Sri Parasara Bhattar gives the interpretation (similar to Sankara) ‘asurapurani daarayati iti purandarah – The destroyer of the cities of asuras’. This indicates the removal of fear from all sources which go by the name “Adidaivika” – those that proceed from the gods.in this sense refers to the “dwellings of asuras”.
Shri V V Ramanujam interprets this as the aspect of Bhagavan, who as Rudra, and the Cosmic Arrow destroyed the three Asuras in their three cities called the Tripuras and as a result famously known as Tripuraantaka. ‘Puram dArayati iti purandarah’ – In Tripura Samharam, Bhagavan became the arrow for Shiva, and in addition, being the Antaryami for him, helped in the destruction of the three cities.
Swami ChinmayAnanda talks of the “cities” referring to the fields of experiences – waking, dream and deep-sleep. Since Bhagavan helps in transcending the Gross, Subtle, and Causal bodies (Sthoola, Sookshma and Kaarana) and then experience the Self, at that moment the three “cities” are burned down or pillaged or blasted. Without overcoming the attachment to the 3 attached bodies, we cannot experience the real Self.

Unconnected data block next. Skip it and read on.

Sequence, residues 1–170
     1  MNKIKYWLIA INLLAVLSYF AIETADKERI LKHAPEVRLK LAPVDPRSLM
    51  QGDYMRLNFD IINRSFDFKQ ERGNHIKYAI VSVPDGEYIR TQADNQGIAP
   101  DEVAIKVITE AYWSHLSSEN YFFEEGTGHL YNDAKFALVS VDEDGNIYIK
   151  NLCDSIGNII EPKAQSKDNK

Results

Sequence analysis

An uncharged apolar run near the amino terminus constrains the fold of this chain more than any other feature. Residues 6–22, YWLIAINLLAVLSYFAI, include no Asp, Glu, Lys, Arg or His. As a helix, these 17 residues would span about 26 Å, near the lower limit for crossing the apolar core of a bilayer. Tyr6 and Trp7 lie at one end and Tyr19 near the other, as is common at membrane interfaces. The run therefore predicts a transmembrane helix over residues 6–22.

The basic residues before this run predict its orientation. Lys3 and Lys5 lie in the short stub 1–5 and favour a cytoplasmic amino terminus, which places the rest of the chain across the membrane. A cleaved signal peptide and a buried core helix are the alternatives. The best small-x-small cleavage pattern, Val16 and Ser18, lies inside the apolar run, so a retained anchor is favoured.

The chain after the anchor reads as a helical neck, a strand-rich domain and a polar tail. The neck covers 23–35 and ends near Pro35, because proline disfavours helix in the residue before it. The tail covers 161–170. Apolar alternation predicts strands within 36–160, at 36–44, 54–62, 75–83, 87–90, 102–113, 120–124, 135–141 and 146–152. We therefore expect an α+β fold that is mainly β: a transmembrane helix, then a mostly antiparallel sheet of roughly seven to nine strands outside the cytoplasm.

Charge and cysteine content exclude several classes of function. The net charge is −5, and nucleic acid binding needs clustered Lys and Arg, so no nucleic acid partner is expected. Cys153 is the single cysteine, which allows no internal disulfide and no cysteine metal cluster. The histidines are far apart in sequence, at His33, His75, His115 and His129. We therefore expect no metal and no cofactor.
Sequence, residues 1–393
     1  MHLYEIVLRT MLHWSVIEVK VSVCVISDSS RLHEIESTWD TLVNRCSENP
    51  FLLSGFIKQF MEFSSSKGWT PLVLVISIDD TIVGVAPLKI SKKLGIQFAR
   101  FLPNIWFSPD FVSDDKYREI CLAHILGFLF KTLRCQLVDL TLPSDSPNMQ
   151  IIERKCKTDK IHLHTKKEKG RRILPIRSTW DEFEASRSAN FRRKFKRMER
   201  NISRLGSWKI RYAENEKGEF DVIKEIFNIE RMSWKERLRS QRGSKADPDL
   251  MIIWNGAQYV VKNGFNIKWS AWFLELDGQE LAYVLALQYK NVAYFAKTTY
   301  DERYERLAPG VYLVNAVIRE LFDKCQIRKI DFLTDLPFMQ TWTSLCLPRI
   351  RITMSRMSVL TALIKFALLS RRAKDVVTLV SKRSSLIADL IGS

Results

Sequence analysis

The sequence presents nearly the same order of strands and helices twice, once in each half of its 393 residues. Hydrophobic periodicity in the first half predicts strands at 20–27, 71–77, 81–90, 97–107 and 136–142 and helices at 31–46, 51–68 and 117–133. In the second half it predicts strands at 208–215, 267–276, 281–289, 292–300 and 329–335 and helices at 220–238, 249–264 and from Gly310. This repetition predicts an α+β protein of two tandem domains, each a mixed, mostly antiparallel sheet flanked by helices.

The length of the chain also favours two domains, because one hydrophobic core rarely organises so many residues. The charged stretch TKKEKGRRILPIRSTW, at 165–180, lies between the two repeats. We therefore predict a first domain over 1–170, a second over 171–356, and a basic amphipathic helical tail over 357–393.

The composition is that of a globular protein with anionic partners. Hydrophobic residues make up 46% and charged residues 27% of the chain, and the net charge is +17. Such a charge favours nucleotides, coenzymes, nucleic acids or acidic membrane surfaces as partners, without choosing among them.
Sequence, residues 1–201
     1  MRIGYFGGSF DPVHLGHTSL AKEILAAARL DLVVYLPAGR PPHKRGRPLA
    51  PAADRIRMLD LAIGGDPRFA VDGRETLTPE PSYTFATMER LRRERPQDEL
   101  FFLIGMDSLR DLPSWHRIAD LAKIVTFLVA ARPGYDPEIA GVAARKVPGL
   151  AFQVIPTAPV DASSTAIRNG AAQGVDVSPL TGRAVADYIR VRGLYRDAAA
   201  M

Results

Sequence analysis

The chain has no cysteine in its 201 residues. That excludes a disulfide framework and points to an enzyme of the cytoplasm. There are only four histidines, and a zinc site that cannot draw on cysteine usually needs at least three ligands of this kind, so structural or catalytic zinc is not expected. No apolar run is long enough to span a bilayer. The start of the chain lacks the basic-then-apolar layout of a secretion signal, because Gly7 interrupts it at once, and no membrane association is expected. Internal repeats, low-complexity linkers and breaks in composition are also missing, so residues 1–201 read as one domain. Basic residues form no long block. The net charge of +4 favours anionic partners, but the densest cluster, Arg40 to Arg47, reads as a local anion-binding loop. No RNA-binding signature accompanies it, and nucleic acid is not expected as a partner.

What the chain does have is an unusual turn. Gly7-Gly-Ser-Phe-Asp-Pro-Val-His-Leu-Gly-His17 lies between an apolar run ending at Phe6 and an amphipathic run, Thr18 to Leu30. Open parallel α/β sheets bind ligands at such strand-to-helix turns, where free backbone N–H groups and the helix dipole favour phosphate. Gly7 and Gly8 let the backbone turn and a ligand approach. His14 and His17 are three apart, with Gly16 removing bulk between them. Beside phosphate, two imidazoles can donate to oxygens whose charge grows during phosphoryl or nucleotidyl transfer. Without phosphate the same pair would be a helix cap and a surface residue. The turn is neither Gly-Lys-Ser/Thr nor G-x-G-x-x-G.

Sri Satyadevo Vaasishtha starts with the meaning “body” for the word Pura, and gives the interpretation that since Bhagavan puts an end to the body (being the Samharakarta in the form of Rudrah), He is Purandarah – ‘Puram daarayati iti Purandarah’.
Sri Radhakrishna Shastri points out that the term puram is also used to refer to the three Sarira-s viz. the Sthula, Sukshma, and Karana SharIras. He is Purandarah because He has torn apart these three and is the Atma beyond these three SharIras.
The Dharma Chakram writer graphically explains that if we consider the Sthoola SharIra as belonging to Bhagavan and surrender it in His service, then He helps in overcoming our attachment to the Gross body. If we dedicate the mind to His service and to meditation on Him, He helps us to overcome our actions being controlled by our mind and pursuing the sense objects.